Osteoporosis and Osteopenia - Loss of Bone Density

Published: August 29, 2012
Categories:

Osteoporosis, or loss of bone density, can be addressed safely, effectively and naturally using strontium and other nutrients.

Loss of bone density, called osteopenia when mild and osteoporosis when severe is becoming more and more common as our population ages and becomes more sedentary. It is also often seen in young people with Chronic Fatigue, Fibromyalgia or pain. Although drug companies mostly promote expensive (and sometimes toxic) medications to both patients and physicians, the good news is that simple, safe and cheap natural remedies are even MORE effective than medications! It is easy to address osteoporosis safely, effectively, and naturally!

Osteoporosis can worsen with age, inactivity, and hormonal deficiencies (estrogen, testosterone, and DHEA). Currently, the rate of osteoporosis among older women is estimated to be about 29 percent. Yet only 13 percent of older women have been diagnosed with the disease. Osteoporosis can be easily diagnosed by performing a simple test called a DEXA scan. Fortunately, many therapies can be effective at restoring bone strength and even at eliminating osteoporosis pain.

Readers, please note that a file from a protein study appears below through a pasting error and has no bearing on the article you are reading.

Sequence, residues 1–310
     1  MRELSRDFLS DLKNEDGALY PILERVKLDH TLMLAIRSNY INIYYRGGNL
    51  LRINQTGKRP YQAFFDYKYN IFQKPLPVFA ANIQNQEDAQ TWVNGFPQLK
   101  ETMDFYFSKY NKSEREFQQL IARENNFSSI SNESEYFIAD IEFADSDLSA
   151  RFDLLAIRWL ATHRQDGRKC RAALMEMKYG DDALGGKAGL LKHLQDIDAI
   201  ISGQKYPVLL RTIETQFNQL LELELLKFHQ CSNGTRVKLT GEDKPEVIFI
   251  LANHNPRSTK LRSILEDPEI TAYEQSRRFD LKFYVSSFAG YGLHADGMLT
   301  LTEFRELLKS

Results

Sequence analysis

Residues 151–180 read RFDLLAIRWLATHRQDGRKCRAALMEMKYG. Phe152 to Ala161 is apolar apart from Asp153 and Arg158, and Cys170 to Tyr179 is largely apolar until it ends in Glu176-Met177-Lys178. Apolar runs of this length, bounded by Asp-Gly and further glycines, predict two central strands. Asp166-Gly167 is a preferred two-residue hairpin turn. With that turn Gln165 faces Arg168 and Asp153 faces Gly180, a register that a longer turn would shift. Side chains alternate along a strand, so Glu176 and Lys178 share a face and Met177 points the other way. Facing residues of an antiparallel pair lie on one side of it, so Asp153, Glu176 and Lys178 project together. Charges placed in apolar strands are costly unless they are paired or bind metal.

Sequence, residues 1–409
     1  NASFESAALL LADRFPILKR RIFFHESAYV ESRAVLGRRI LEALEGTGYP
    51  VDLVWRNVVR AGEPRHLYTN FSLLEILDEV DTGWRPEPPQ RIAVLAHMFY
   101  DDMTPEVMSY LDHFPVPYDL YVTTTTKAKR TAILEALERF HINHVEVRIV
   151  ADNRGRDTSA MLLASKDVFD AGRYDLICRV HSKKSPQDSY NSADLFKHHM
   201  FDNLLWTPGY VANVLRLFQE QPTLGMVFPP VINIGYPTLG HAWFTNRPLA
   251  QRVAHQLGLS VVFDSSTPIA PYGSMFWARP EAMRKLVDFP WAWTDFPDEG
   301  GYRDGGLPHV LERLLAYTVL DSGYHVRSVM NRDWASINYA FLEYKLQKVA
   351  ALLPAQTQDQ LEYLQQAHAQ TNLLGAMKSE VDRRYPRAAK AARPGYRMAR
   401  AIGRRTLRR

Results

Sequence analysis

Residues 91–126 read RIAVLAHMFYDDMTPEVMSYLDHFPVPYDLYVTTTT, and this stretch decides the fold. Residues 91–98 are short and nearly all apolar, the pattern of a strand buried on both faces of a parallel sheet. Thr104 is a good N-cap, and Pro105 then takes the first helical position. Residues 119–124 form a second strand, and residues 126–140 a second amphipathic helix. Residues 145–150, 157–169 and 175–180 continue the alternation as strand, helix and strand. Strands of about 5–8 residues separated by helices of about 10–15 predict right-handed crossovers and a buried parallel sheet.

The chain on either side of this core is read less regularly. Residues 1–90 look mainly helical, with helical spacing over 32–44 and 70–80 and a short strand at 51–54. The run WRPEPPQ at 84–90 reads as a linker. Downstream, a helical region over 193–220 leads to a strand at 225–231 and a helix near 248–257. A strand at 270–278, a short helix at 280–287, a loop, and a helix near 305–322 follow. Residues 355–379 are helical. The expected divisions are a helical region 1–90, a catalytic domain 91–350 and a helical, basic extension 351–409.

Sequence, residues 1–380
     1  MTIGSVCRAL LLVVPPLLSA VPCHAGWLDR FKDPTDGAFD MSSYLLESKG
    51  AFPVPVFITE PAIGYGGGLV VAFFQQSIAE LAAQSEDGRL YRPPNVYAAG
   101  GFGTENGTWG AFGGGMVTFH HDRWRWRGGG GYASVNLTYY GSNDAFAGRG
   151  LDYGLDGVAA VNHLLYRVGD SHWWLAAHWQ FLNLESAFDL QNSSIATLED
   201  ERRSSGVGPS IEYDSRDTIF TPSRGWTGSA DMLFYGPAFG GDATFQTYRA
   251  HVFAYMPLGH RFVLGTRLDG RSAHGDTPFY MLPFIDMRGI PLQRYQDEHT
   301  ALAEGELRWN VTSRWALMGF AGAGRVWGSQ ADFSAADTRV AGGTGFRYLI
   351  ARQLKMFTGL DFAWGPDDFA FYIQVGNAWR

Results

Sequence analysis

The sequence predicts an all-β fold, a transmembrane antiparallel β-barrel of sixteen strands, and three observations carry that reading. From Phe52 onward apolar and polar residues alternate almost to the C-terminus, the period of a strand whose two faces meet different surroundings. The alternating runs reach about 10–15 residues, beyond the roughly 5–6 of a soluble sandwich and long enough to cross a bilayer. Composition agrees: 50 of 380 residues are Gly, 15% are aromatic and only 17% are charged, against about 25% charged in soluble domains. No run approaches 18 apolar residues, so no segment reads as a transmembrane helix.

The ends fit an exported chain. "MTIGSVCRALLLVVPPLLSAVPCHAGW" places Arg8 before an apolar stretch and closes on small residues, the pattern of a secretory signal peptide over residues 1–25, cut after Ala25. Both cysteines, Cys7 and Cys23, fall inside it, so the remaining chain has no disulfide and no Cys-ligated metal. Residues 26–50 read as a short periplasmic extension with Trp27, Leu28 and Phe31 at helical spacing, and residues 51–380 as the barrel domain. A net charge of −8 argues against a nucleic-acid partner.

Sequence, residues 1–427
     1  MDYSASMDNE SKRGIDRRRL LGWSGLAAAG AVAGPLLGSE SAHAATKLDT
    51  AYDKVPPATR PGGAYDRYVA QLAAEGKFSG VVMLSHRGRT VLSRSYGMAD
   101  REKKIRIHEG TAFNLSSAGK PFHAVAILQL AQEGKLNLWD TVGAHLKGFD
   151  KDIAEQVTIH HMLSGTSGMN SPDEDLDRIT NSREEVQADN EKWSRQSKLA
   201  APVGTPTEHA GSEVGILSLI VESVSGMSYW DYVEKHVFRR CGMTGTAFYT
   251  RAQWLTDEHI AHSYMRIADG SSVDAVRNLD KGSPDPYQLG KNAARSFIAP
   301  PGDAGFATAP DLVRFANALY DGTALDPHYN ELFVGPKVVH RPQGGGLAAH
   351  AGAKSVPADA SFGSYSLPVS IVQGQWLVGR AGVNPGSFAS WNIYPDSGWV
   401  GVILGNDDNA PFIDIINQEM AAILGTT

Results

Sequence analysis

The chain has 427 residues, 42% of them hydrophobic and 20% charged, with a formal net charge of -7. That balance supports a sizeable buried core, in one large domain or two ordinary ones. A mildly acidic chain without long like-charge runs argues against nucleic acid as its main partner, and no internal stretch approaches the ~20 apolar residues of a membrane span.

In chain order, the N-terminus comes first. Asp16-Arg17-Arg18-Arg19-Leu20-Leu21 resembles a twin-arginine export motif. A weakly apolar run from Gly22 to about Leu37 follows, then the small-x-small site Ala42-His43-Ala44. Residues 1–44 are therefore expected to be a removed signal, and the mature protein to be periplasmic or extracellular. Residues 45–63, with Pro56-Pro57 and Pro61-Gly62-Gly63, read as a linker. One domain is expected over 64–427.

Although using calcium to increase bone density has received most of the media attention, it is actually a rather small player when it comes to improving bone strength. In addition to weight-bearing exercise and natural estrogen, many other nutrients and therapies can dramatically improve bone density and decrease bone pain. Sadly, except for calcium, most doctors only hear about expensive prescriptions such as Fosamax® and calcitonin (200 units twice a day-use only in severe cases). Although these can be helpful, I would certainly start first by adding the nutrients that your body needs to make strong bones.